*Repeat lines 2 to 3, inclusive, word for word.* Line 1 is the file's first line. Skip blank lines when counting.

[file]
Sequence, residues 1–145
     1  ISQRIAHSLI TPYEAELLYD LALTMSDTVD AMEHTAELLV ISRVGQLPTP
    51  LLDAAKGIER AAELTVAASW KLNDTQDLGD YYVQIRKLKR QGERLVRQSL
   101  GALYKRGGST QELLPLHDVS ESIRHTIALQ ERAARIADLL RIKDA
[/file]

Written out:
     1  ISQRIAHSLI TPYEAELLYD LALTMSDTVD AMEHTAELLV ISRVGQLPTP
    51  LLDAAKGIER AAELTVAASW KLNDTQDLGD YYVQIRKLKR QGERLVRQSL